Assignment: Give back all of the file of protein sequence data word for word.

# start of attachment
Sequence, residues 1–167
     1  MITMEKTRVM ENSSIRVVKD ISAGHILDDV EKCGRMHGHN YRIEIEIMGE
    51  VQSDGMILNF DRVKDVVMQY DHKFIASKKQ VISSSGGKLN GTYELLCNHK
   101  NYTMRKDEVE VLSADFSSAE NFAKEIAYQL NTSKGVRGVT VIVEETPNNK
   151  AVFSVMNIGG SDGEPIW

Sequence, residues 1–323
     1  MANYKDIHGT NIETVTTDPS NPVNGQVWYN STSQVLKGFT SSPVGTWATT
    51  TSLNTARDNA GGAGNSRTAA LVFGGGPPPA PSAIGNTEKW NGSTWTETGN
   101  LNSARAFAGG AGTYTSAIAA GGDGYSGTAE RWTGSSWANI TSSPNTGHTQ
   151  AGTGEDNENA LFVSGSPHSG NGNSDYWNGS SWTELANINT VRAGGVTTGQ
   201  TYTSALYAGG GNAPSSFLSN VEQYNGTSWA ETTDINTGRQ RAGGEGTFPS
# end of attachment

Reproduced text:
Sequence, residues 1–167
     1  MITMEKTRVM ENSSIRVVKD ISAGHILDDV EKCGRMHGHN YRIEIEIMGE
    51  VQSDGMILNF DRVKDVVMQY DHKFIASKKQ VISSSGGKLN GTYELLCNHK
   101  NYTMRKDEVE VLSADFSSAE NFAKEIAYQL NTSKGVRGVT VIVEETPNNK
   151  AVFSVMNIGG SDGEPIW

Sequence, residues 1–323
     1  MANYKDIHGT NIETVTTDPS NPVNGQVWYN STSQVLKGFT SSPVGTWATT
    51  TSLNTARDNA GGAGNSRTAA LVFGGGPPPA PSAIGNTEKW NGSTWTETGN
   101  LNSARAFAGG AGTYTSAIAA GGDGYSGTAE RWTGSSWANI TSSPNTGHTQ
   151  AGTGEDNENA LFVSGSPHSG NGNSDYWNGS SWTELANINT VRAGGVTTGQ
   201  TYTSALYAGG GNAPSSFLSN VEQYNGTSWA ETTDINTGRQ RAGGEGTFPS